Judge Ed Wilson of Rockingham County sentenced Maud Edwin Elliott Ingram of Henrico to three consecutive prison terms of 73 months to 148 months and consolidated the fourth count with the third.
That gave Ingram, who is now 51 and was 49 at the time he was charged by the North Carolina State Bureau of Investigation, a sentence range of 18.25 years to 37 years.
Other charges initially filed against him were dropped and he will have to register as a sex offender upon his release from prison.
Wilson declined to defer Ingram’s sentence, as requested by his attorney, Damian Tucker of Rocky Mount, so he could watch his son’s graduation ceremony next month and ordered him into immediate DPS custody.
Wilson commended the two victims in the case after their testimony in a sentencing hearing, telling them, “Hold your head high. Your work with the district attorney is something you should be proud of.”
The case stemmed from a complaint lodged by a victim who was on probation in Virginia but after her mother died moved to Roanoke Rapids for more affordable rent. She also had family ties in Halifax County, Chief Resource Prosecutor Kimberly N. Overton of the North Carolina Conference of District Attorneys told the court.
Ingram was assigned to her supervision and also supervised her stepdaughter.
During the course of the supervision, the victim was raped seven times. “She was under constant pressure. She didn’t think anyone would believe her,” Overton told the court. “She was terrified. She felt there was no one she could trust and no one would believe her.”
Ingram hung the threat of returning her to prison over her head if she did not comply with his demands of sexual intercourse.
In September of 2015 she contacted the Chichester Law Firm in Roanoke Rapids “and shared with attorney Geoffrey Davis she was having problems with her probation officer.”
After the initial consultation with Davis, she met with both Davis and Gilbert Chichester.
Chichester contacted Captain Bobby Martin of the Roanoke Rapids Police Department. Chief Chuck Hasty contacted the SBI and a meeting was arranged at the Roanoke Rapids Fire Department.
There were inappropriate text messages sent and explicit photos taken during the course of the crimes.
The victim took one condom Ingram used, wrapped it in a tissue and put it in her freezer. “She asked to be assigned a different probation officer,” Overton said.
Ingram, who during the time was under review for poor performance, gave the victim money to pay her probation fee. “He gave her money to deceive and manipulate the system,” Overton said.
Ingram offered her $10,000 to not testify and $2,000 to her stepdaughter to broker the deal.
The victim was raped once at her first residence in Roanoke Rapids; twice at the probation office on Highway 301 between Weldon and Halifax; once at one of the area’s boat landings in the bed of Ingram’s truck; twice at a second residence the victim lived in Roanoke Rapids and a community building in the Henrico area.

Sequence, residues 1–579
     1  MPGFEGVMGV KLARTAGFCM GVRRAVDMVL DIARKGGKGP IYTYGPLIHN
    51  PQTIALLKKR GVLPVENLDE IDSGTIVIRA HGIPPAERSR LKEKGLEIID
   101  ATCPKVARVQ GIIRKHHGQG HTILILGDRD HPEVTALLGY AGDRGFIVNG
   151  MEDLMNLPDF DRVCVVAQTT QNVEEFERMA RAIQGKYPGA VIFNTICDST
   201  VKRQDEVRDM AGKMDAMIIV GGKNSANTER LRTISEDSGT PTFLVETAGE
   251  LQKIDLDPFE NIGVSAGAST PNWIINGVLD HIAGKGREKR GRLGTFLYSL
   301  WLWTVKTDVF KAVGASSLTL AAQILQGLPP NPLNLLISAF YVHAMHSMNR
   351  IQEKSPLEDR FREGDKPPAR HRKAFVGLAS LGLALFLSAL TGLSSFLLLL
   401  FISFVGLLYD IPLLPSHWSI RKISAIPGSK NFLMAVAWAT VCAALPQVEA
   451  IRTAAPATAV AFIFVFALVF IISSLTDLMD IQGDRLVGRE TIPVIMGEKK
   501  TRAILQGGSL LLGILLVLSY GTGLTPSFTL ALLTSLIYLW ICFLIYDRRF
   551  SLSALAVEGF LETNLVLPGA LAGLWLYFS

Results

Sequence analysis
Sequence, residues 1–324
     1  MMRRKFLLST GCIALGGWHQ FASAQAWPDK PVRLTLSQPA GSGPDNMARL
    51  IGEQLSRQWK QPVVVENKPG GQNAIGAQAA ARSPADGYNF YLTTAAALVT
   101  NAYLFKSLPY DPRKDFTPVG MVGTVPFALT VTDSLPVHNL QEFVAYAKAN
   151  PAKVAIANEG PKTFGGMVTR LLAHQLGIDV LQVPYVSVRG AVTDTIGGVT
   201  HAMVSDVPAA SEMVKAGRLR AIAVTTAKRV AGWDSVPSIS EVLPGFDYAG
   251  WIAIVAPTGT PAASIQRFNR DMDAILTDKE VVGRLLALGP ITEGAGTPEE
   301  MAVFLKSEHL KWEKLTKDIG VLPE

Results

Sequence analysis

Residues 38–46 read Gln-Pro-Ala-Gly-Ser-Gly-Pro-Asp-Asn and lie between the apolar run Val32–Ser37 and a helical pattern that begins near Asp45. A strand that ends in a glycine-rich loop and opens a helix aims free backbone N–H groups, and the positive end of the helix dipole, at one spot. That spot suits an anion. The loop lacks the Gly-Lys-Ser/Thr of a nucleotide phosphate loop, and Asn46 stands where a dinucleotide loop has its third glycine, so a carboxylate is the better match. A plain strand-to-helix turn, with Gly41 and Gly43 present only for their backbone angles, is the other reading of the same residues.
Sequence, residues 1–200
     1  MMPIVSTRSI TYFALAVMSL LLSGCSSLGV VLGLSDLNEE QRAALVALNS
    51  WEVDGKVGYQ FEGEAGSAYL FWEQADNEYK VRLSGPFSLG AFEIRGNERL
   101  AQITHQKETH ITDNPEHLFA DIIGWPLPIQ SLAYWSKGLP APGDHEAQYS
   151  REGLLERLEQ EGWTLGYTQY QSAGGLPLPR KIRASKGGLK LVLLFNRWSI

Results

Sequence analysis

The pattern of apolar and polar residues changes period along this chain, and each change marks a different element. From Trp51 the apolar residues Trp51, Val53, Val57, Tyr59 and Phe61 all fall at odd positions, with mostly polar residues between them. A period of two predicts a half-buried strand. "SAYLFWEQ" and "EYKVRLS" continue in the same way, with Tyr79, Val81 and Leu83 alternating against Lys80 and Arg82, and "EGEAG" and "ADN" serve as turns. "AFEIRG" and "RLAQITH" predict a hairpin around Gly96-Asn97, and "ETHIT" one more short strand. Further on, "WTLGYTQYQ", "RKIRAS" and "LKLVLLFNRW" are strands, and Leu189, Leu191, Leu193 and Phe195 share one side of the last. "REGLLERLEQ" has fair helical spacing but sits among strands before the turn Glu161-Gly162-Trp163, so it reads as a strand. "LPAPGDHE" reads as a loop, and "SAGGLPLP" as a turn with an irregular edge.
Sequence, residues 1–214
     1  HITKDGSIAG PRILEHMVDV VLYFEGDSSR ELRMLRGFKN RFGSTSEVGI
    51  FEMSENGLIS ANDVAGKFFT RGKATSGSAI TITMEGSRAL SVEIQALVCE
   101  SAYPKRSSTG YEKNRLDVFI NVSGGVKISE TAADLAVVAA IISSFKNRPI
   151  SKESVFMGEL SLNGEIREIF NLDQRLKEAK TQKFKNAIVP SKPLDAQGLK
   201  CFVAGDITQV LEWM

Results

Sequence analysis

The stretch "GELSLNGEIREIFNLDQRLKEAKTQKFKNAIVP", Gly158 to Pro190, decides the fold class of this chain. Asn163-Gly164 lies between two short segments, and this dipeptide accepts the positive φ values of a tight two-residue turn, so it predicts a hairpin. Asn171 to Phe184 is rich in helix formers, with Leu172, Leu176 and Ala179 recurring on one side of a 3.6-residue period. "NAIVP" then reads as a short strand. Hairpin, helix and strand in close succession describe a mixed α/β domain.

Ingram would position her so he faced the window, Overton said. He wore his state-issued weapon.
On September 17, 2015, the SBI set up surveillance of the victim’s house on Mills Street in Roanoke Rapids, three agents staying in a back bedroom.
Ingram instructed the victim to sit on a couch and spread her legs so he could photograph her. “He told her the pictures were for collateral and for his purposes,” Overton said.
At that point SBI agents arrested him. The victim gave the SBI the condom in the freezer, which not only contained her DNA but Ingram’s, two tests showed. A subsequent search showed he had a condom easily accessible in his front left pocket.
The second victim in the case called an SBI hotline on September 21 of 2015 after seeing Ingram’s mugshot in the Roanoke-Chowan News-Herald of Ahoskie. Ingram knew the second victim was using drugs and told her, “‘I can help you, you can help me.””
The Hertford County rapes occurred between April and September of 2012.
Two rapes occurred at her mother’s home in Winton and one at the probation office in Hertford County, also located in the county seat of Winton.
Overton presented the court evidence of text messages, audio transcripts of the surveillance, video footage and lab reports.
“He chose these victims at a time in their life they were both experiencing grief over the loss of their mothers and he was exercising control and abuse of his authority,” Overton said. “We feel justice was served and the community was protected. The victims had been sentenced to a life of trauma. He chose them because of the time over their heads. Instead of protecting them he just pounced on them.”